RESOURCES

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WHO GETS IN AND WHY
A YEAR INSIDE COLLEGE ADMISSIONS

by Jeffrey Salingo

This book, from New York Times journalist Jeffry Selingo, is a must-read for students and families preparing for the college journey. As a college consultant with a marketing background, I appreciate Selingo’s transparency into how our students are being overtly marketed to: the realization that prompted my career change many years ago. As a Journalism major, I appreciate the data behind Selingo’s assertions. As a college consultant, I appreciate his transparency.


Jeffey Selingo follows dozens of college seniors as they navigate the college application process, while embedding himself within the admissions offices of three selective colleges. The COVID pandemic hit before he published his book, so the book touches upon the modifications to the admissions process that COVID has pushed. Selingo's take-away reinforces what any ethical, experienced college consultant advises:


  1. Worry about what you do in high school (class selection, grades, extra-curriculars) over standardized test scores.

  2. What are your unique needs as a student (learning environment, passions, interests)? What can your family afford to pay for your college education? Let that drive what colleges you apply to over U.S. News rankings. This is where an experienced consultant can really help. There are approximately 2,000, 4-year colleges in the US. Many of these colleges most students have never heard of. Many of these colleges would be a great match. A balanced college list is one of the most important factors to creating options. Be strategic!

  3. Don’t procrastinate on your applications. The college application timeline is fall of a student’s senior year. Many students don’t even begin the process until then, and it’s just too late, and just too stressful to maximize opportunities. I’m paraphrasing here, but Selingo reiterates and illustrates how important success aligns with detailed and authentic applications: from nuances in the Common App, to recommendation letters, to demonstrated interest. This is one of the two biggest mistakes that I see students make.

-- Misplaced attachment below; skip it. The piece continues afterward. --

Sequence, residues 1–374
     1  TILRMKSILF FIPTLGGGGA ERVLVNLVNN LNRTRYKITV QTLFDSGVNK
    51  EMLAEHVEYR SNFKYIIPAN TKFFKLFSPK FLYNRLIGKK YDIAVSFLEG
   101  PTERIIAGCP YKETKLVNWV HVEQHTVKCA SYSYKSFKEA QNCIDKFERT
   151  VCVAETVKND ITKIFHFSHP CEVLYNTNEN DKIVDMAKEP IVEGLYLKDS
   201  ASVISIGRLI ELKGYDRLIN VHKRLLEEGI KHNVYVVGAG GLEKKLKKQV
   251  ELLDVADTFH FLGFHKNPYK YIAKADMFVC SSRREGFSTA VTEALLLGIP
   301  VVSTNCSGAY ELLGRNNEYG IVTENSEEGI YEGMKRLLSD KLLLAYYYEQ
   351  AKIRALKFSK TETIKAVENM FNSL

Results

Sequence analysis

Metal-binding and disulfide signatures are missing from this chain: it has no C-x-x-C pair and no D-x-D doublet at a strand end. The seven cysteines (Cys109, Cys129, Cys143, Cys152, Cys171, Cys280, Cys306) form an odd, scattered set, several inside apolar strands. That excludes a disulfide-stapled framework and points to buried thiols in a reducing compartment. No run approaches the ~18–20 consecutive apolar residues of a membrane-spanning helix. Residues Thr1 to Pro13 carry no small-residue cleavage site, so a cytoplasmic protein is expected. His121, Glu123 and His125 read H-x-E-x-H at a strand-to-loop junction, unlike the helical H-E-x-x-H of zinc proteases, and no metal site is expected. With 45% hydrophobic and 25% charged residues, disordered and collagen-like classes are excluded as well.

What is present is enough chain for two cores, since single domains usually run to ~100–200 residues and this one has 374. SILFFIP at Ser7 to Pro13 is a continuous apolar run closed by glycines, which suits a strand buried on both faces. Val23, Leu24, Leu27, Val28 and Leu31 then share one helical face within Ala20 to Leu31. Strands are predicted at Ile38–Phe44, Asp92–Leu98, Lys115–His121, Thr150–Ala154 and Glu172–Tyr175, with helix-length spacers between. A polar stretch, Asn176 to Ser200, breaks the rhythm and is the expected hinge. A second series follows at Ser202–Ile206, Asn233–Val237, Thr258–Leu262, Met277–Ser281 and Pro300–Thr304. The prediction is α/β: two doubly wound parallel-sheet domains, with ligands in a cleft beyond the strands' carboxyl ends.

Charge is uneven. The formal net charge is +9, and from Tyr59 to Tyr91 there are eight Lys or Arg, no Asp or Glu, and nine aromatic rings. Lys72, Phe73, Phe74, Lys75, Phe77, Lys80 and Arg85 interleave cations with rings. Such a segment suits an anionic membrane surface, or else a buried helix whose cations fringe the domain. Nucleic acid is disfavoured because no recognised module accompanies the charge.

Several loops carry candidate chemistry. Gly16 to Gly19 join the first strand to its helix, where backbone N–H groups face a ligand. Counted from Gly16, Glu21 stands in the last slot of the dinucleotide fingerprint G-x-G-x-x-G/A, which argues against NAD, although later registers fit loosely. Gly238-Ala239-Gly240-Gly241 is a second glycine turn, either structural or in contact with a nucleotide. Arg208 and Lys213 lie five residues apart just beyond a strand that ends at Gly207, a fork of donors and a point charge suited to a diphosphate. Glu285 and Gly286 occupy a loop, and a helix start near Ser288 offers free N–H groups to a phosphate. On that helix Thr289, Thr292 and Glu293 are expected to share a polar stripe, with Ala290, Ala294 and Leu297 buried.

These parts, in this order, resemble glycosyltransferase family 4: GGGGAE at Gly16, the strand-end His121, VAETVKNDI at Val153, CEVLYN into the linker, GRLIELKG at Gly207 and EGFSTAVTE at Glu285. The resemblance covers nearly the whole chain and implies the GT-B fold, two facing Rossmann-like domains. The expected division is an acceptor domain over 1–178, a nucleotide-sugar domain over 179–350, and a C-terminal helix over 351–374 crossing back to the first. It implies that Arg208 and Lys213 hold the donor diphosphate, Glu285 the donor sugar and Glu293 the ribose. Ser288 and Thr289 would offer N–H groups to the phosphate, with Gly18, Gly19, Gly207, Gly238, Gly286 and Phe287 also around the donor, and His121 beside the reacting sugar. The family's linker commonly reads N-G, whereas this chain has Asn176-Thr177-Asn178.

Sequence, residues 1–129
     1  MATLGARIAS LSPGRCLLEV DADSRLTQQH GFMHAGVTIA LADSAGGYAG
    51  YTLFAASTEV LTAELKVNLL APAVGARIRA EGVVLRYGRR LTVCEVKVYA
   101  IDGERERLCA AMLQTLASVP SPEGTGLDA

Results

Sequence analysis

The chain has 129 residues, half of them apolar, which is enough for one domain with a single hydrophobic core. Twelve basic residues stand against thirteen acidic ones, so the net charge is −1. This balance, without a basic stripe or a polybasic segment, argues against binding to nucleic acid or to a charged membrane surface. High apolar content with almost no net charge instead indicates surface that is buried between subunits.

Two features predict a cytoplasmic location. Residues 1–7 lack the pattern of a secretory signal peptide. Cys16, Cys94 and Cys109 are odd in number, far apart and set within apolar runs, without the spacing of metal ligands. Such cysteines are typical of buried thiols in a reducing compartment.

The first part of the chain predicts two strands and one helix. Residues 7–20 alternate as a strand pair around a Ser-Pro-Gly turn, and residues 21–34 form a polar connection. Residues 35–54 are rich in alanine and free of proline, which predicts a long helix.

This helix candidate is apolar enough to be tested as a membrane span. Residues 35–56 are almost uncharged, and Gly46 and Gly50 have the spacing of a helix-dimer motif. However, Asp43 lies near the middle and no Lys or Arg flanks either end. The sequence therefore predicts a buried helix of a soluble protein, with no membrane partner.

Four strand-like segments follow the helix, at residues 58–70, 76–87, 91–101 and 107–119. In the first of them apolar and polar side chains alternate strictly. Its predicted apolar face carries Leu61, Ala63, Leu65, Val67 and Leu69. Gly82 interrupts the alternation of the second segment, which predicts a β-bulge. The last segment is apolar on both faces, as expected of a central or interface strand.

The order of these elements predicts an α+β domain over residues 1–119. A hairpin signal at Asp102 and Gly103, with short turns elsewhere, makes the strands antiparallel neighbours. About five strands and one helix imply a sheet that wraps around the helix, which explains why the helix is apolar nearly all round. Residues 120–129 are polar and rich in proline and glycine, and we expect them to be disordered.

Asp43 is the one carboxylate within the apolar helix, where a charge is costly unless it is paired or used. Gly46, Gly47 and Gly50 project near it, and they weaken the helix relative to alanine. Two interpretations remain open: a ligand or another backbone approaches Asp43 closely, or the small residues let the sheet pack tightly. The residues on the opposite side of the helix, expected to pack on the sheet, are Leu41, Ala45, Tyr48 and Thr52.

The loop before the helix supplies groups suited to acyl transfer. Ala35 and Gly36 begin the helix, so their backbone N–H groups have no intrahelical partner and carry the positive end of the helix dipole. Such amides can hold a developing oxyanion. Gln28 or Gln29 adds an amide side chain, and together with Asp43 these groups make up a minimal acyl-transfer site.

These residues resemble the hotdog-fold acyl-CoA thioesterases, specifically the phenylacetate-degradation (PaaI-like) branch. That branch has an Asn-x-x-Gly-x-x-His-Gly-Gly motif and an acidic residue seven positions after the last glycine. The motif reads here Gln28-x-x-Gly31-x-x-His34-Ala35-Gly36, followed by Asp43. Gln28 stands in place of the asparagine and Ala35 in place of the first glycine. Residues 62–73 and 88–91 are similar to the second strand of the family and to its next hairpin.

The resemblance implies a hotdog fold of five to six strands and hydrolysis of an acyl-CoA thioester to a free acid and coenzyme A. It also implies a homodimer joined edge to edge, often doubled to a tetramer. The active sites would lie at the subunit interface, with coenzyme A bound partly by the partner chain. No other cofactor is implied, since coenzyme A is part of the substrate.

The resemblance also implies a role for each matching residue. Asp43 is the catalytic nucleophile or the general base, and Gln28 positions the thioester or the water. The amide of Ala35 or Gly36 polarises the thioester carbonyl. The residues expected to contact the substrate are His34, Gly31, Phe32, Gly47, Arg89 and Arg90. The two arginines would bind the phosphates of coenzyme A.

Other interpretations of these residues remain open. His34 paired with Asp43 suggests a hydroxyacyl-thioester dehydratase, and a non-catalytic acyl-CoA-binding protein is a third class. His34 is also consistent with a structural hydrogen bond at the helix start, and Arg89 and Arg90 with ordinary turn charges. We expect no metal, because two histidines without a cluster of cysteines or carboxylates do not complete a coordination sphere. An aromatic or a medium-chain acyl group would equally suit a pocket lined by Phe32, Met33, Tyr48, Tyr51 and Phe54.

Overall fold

4. Focus on the fit vs. the name. Do your research on the programs and support systems at the college you choose. If you don’t know what you want to major in then join the club (average college student changes their major 3 times.) Choose a college that will give you exposure to lots of subjects. Does the college you want to attend support you changing your major? Provide guidance to internship opportunities? I’ll stop here but the list goes on.


Lastly, a point that is reinforced throughout “Who Gets in and Why” is that admissions to selective colleges is unpredictable. It is predicated, most often, by institutional priorities that have little to do with the qualified student that submits a well thought-out application. A good college consultant will be upfront about that. They will analyze the college's admissions data, set realistic expectations for the student, and arm the student with the confidence of knowing who they are and what they have to offer- then help them put together a balanced list of colleges to apply to. Basically, help the student to have no regrets and launch into their next exciting next chapter.